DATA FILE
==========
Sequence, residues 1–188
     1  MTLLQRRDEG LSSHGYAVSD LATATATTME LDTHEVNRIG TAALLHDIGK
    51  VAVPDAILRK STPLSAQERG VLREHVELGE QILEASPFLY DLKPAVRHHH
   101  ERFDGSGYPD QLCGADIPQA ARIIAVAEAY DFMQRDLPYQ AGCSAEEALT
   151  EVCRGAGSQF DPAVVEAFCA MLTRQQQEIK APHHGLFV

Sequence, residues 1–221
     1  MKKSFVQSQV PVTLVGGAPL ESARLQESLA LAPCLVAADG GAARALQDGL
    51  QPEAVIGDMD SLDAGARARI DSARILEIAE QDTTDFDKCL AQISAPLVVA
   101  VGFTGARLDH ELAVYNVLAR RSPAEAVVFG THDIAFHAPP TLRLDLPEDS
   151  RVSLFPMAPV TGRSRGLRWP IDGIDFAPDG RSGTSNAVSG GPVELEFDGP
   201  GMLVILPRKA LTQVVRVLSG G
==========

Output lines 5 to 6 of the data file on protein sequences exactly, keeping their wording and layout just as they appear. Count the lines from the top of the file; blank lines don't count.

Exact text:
   151  EVCRGAGSQF DPAVVEAFCA MLTRQQQEIK APHHGLFV

Sequence, residues 1–221